Governor vetoes education cuts from Medicaid budget fix bill; Senate still plans to return April 6
03/25/2011 04:57 PM
Gov. Steve Beshear on Friday announced that he would take out provisions calling for certain budget cuts from the legislature’s bill to fix Medicaid — a measure that would spare doctors and hospitals from 35% state funding cuts.
Beshear announced the vetoes late Friday afternoon. Among the provisions he took out of the Medicaid bill was language that would have cut the budgets of schools, universities, veteran’s affairs programs and public safety if a certain amount of efficiencies in Medicaid weren’t achieved.
Beshear and Health and Family Services Cabinet Secretary Janie Miller have pledged to save at least $169 million in the 2012 Medicaid budget through efficiencies. They hope to accomplish much of that by entering into contracts with hospitals and health care agencies to manage care of portions of the Medicaid program.
Medicaid, a $6 billion program through the federal and state governments, covers health care for more than 800,000 poor and disabled Kentuckians. If lawmakers failed to agree on fixing a more than $100 million shortfall in this year’s Medicaid budget, doctors and hospitals could have faced 35% cuts in the state’s reimbursement payments.
But the House, late Thursday, concurred with the most recent plan the Senate had edited even though the House Democrats and most House Republicans objected to some of the provisions — specifically proposed cuts to education in 2012. But by passing the bill, it sent it to the governor so he could use his veto pen.
“We are thankful these reductions to provider reimbursement have been averted by the courageous actions of the Kentucky House last night,” Beshear said in a statement. “We are now able to avoid negative impacts to the provider community and to ensure that health care services are not affected for many of our most vulnerable children, seniors and other citizens with disabilities.”
In response to the vetoes, House Speaker Greg Stumbo issued a statement with a told-you-so tone to it.
“The Governor did what he said he would do when it comes to upholding our shared priorities. I never doubted that, nor did 80 percent of the entire General Assembly,” Stumbo’s statement said.
Before the governor announced his vetoes late Friday afternoon, Senate President David Williams said he hoped the House leaders would reconsider their attempt to end the special session and instead return on April 6 to override vetoes.
Otherwise, Williams said the House is giving the governor “a credit card” to do whatever he wants.
Williams is running in the May 17 Republican primary for the nomination to challenge Beshear in the November election.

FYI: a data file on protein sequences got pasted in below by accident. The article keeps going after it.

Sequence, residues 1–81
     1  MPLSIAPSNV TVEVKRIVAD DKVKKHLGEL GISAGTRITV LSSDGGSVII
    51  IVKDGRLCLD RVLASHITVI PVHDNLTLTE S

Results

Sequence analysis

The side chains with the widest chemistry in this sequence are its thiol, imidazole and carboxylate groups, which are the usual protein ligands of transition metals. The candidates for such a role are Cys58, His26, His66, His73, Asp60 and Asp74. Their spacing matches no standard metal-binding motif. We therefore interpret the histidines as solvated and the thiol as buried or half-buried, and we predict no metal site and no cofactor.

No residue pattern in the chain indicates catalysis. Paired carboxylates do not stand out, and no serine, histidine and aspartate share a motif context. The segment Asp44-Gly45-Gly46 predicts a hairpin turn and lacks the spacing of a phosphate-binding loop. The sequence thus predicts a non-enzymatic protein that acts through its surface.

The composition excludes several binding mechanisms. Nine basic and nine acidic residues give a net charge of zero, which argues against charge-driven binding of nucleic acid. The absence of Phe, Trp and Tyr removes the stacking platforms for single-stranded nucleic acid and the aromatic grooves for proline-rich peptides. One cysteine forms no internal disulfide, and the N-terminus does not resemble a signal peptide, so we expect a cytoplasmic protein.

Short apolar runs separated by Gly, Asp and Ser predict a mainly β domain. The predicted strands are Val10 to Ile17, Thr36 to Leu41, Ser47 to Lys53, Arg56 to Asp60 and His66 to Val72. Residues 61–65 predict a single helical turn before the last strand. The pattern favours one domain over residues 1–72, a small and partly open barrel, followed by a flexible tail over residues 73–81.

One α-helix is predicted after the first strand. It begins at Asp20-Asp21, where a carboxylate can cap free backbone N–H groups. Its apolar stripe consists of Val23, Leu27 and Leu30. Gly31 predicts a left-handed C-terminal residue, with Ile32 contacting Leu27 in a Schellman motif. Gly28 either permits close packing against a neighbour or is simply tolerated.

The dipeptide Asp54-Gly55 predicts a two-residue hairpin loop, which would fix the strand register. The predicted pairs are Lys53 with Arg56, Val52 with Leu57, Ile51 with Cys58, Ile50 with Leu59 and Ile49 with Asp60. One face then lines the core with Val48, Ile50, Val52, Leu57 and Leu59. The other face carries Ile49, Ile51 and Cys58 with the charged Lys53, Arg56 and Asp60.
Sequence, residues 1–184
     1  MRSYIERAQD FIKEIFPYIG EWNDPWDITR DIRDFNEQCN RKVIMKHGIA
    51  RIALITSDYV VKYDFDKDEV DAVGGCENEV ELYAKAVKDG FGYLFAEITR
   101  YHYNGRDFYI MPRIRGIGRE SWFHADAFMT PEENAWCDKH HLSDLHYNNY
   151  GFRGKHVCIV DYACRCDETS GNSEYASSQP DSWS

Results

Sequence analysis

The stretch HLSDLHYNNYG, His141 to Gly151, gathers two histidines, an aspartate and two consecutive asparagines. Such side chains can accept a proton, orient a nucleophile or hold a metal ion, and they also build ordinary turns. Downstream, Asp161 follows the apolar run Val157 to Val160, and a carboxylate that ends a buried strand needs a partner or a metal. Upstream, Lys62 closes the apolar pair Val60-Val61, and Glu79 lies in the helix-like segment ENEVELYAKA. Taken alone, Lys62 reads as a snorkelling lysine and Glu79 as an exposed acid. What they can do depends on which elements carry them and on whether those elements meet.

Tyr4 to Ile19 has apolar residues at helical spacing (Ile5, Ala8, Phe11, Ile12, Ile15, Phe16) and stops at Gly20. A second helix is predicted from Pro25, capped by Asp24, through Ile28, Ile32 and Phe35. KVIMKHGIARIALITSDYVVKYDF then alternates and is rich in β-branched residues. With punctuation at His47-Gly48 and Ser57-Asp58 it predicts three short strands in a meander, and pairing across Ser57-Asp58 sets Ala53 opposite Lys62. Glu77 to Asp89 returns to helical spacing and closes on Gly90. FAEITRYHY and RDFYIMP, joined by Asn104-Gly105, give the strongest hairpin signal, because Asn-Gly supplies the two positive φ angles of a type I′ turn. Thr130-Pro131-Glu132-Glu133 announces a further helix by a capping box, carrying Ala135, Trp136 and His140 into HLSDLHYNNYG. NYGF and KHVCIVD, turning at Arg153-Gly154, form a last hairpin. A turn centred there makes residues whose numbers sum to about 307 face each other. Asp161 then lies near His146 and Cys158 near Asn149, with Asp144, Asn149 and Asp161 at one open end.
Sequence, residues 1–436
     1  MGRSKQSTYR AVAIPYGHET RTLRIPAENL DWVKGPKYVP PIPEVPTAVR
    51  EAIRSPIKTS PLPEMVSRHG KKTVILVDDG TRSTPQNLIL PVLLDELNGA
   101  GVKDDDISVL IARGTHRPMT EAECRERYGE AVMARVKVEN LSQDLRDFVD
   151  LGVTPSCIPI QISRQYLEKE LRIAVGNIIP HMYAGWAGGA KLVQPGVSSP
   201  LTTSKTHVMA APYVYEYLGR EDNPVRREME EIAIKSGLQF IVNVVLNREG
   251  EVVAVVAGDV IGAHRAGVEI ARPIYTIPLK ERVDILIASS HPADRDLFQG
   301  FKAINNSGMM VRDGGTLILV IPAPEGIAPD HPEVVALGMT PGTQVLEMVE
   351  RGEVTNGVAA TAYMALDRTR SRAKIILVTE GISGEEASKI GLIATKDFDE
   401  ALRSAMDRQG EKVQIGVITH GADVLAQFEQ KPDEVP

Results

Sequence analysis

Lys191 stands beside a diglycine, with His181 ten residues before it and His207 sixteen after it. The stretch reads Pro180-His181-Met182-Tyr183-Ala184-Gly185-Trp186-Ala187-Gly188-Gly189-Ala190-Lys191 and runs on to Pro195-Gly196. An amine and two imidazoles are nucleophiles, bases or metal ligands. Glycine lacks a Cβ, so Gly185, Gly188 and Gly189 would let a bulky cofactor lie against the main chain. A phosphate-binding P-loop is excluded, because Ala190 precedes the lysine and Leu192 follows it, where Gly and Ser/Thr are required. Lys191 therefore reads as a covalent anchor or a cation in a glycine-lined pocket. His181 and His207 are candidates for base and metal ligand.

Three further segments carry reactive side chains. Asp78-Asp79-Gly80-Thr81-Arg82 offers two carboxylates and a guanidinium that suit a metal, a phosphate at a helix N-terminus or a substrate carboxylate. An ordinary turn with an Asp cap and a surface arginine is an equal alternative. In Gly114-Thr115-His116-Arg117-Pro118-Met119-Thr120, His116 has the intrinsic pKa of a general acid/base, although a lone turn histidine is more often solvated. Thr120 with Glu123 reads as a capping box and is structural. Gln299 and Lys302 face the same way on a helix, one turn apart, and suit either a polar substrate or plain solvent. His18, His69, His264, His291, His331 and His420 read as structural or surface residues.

The fight over the Medicaid budget has been intertwined with gubernatorial politics as both Beshear and Williams directed pointed remarks and criticism at each other.
Williams said in numerous interviews he considered the governor “weak” and doubted his ability to come through with savings. Beshear made a two-day, nine-stop trip calling for voters to call Republican Senators — specifically Williams — to tell him to back off calls for cuts to education.
After announcing the vetoes late Friday, Beshear’s campaign issued a statement to supporters essentially declaring a victory.
“This afternoon, I fulfilled my promise to balance the Medicaid budget while protecting education, health care and public safety by line-item vetoing Senator Williams’ unnecessary and dangerous cuts from House Bill 1,” said Beshear’s letter to supporters.
The vetoes were part of a plan between the governor and House leaders that they unfurled late Thursday.
The House approved the Senate’s version of House Bill 1, despite some remaining objections especially over proposed education cuts.
Instead of “wasting time” in conference committee between the deadlocked sides, House Speaker Greg Stumbo said the House would pass the Senate plan and let the governor veto parts he didn’t like.
The House then adjourned in hopes of ending the special session until the Senate opted to recess until April 6.
But Stumbo said there is no chance of the House returning to override any of the governor’s vetoes.
And Stumbo added that if the Senate had just not included cuts to education in their plan, then he thought House and Senate leaders would have been able to quickly work out a compromise.
But keeping those educations cuts in their plan led Stumbo to say he didn’t believe the Senate was serious about compromise.
Beshear said enacting the legislation would save 35 percent cuts to Medicaid.
- Kenny Colston
Below the Fold
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